The 4 Key Components of a Killer Email Newsletter

By Kristin Masters

 The 4 Key Components of a Killer Email Newsletter

Email newsletters are an incredibly powerful content marketing tool. Savvy marketers consistently trumpet the benefits of email marketing, touting conversion rates that consistently surpass those of social media and often exceed those of search and pay-per-click.

In fact, Campaign Monitor says that the average company sees a $38 return for every $1 spent on email marketing. To start seeing those terrific returns, ensure that you have these 4 key email newsletter components. 

1. Content for All the Right Personas

As you decide what to put into each issue of your email newsletter, consider your buyer personas. Every newsletter should have at least one piece of content for each persona. This approach can help you gather valuable insight you can use to segment your list: your readers’ click data. As you see trends in the kinds of content that each contact clicks, you’ll get a better picture of that contact’s buyer persona, allowing you to send more segmented, targeted emails — an approach that generates a whopping 58% of all revenue for some companies.

The first step in creating a multiple-persona friendly email is to build a template that accommodates the content you’ll need. Determine how many different content modules you’ll need. If you have, say, four to five primary personas that are all equally important, the best format will give equal weight to each piece of content. If you have one primary persona and a few niche ones, perhaps the content for the primary persona should be most prominent, with content for other personas in a sidebar. 

Also review your editorial calendar. Have you methodically chosen blog topics that correspond with each of your personas? If you plan well, you can repurpose your blog articles to use in your company’s email newsletters. 

2. Simple, Mobile-Friendly Design

What’s the number-one email client? As of February 2016, it was iOS for Apple iPhone, with 33% of the 1.21 billion opens tracked by Litmus Email Analytics. Meanwhile the Radicati Group predicted
in ” Email Statistics Report, 2014-2018″ that the number of mobile email users will grow by 23% this year. Mobile open rates certainly vary by industry, as illustrated in’s 2016 Email Marketing  GRAPH: device opens on mobile devicesBenchmark Report. But regardless of your industry, you can’t afford to ignore the growth in mobile open rates.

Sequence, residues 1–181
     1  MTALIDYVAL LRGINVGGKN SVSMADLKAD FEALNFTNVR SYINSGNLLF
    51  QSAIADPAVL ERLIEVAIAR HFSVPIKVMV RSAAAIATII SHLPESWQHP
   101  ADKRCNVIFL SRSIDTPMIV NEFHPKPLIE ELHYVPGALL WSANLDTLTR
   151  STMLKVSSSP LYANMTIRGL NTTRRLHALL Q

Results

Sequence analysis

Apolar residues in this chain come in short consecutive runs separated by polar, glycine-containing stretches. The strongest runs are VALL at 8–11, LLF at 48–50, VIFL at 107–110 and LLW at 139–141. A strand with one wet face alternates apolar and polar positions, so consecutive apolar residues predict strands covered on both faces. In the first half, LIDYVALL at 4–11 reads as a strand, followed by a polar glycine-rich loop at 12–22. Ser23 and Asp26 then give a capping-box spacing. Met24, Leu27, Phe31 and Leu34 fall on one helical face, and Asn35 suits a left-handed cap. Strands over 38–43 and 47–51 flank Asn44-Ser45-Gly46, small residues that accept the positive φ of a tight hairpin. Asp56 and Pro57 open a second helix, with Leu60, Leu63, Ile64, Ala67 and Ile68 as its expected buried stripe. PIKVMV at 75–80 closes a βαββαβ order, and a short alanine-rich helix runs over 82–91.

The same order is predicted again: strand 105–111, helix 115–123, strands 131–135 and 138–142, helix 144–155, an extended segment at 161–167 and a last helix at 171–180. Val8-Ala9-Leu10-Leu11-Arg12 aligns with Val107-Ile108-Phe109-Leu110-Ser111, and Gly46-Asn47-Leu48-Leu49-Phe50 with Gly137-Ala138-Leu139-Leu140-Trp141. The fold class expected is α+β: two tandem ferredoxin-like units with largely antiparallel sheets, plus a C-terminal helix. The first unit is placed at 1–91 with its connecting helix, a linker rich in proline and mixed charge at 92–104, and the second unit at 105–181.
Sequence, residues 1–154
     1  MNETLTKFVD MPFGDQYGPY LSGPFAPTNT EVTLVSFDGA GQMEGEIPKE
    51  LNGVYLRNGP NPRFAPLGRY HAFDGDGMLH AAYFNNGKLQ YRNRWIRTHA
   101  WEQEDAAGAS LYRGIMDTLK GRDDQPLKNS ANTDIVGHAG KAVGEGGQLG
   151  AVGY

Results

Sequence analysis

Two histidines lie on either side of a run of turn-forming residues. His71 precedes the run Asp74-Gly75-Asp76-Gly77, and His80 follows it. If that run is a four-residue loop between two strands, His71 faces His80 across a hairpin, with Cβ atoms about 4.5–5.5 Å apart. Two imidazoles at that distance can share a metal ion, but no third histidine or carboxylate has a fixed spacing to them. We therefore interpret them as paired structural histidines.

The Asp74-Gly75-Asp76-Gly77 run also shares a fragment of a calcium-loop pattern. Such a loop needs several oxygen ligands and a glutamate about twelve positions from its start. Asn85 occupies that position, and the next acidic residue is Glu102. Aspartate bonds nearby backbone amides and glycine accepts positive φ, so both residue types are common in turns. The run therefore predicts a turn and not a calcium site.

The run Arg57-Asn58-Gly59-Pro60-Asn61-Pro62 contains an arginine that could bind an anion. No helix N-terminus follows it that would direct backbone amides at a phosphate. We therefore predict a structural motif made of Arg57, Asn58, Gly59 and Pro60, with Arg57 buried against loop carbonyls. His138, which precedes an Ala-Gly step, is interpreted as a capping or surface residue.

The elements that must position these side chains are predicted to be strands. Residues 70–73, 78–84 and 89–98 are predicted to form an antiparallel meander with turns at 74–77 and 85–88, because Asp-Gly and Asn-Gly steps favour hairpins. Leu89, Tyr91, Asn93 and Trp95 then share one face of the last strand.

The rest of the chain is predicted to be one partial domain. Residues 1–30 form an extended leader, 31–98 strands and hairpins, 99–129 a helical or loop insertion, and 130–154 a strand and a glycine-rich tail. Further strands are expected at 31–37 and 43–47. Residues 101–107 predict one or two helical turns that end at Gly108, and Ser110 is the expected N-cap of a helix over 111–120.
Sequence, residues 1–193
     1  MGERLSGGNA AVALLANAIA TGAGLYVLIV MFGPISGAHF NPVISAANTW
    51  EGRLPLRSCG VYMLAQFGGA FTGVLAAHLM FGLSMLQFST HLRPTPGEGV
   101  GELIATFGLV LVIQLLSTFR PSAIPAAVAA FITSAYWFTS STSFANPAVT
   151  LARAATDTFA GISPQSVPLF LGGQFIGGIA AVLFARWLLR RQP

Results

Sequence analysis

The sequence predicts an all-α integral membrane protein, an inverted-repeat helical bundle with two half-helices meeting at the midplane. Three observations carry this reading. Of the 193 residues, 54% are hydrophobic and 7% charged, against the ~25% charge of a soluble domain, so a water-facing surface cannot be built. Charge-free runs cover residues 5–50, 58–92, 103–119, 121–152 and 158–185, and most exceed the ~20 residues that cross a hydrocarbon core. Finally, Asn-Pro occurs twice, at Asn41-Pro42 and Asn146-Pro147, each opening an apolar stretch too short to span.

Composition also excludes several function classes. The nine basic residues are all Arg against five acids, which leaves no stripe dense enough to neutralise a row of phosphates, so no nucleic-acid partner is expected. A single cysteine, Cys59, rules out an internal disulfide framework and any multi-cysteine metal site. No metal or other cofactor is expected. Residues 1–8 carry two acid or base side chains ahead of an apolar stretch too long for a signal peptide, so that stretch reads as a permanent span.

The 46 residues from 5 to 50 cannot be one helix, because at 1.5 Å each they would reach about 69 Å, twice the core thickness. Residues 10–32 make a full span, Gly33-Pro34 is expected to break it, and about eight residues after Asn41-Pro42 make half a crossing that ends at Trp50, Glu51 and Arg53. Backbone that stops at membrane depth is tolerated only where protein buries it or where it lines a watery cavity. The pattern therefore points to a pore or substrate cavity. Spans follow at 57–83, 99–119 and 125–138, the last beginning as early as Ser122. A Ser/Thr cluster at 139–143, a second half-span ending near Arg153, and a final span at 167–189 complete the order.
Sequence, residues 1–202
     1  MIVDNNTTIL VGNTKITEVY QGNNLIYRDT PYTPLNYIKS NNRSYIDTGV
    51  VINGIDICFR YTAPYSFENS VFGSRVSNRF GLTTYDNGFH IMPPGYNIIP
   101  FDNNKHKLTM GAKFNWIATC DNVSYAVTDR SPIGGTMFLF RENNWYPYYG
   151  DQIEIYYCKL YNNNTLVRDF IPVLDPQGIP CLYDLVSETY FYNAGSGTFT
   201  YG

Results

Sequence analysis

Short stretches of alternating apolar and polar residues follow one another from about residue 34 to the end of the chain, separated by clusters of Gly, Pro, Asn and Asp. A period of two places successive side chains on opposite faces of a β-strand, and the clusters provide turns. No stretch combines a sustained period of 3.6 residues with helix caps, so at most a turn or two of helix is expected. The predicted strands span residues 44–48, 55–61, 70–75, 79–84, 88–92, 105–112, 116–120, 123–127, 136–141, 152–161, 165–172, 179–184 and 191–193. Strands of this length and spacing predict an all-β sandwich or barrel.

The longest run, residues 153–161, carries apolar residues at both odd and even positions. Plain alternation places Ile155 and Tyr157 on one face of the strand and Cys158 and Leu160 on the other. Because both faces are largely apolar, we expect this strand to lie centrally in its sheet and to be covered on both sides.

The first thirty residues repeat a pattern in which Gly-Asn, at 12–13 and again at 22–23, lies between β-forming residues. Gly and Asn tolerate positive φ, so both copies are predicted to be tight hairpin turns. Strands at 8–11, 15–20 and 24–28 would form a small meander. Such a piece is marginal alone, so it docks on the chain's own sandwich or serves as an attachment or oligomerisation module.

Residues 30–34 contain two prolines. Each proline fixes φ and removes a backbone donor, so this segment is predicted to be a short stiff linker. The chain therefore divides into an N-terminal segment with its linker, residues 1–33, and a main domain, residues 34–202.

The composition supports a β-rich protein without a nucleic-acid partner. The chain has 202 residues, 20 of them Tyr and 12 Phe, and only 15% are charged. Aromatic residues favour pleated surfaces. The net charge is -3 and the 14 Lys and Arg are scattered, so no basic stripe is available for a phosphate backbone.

Work closely with your designer and developer to craft an email newsletter template that will render well on mobile devices. A few best practices to keep in mind: 

  • Stick to 600 pixels. That’s the perfect width for a mobile-friendly email; more than 600 will require users to scroll left and right to see the entire email. 
  • Aim for a single-column layout. Multiple columns will appear tiny on a phone screen, forcing the user to zoom in and scroll around the page. 
  • Make fonts legible. It can already be tough to read emails on a small screen, so stick with fonts of 14 px and larger. Also steer clear of fonts with many flourishes — and of course Comic Sans
  • Make your links finger-friendly. Display CTA buttons prominently, so they’re easy to click with a finger. And avoid closely adjacent or stacked in your body text. 

3. A Clear Path Back to Your Website

Many marketers make a critical mistake in treating their email newsletters as standalone content pieces. But your email communications offer a golden opportunity to bring people back to your website, where you can then share more value and learn more about your contacts.

The most obvious way to include links back to your website is by using snippets of blog content for your email newsletters; at the end of the snippet, invite your contacts to continue reading with a link to the full article. This is particularly appropriate if most of your recipients are relatively early in the buying cycle. If your email will go to contacts who are further along in the buying cycle, include a link to a relevant offer with a clear, prominent call to action. 

Remember that every link in your email is an invitation for your readers to go somewhere else. Be strategic about the links you include; they should all lead to content designed to both deliver value to contacts, and to help you learn more about your contacts’ challenges, interests and mindset. 

4. Personalization

What if adding one word to your company emails could improve everything from open rates to transaction value? That one word might just be your contact’s name. According to Marketing Sherpa, research from Experian Marketing Services showed that personalized subject lines increased open  GRAPH: personalization and email open ratesrates by an average of 29.2%. And personalizing emails also quintupled transaction rates. Personalization is a simple email marketing tactic with demonstrable and meaningful ROI. 

Try out personalizing your subject line or adding your contacts’ names to your email greeting. But there’s no need to stop with contacts’ names; add a name and a face to your company by sending email newsletters from a specific employee. Include that employee’s name, photo and contact information in the email message. That simple method can greatly improve customer engagement and other key metrics. 

The next step: personalize based on your contacts’ behavior. Called trigger emails, these communications can be incredibly effective — and KissMetrics reports that they have a 152% higher open rate than traditional emails. Trigger emails can often be automated, so you don’t even have to think about sending them. {{cta(‘cb5742ac-a8c8-422a-811a-aee5e6717be7’)}}

Kristin Masters

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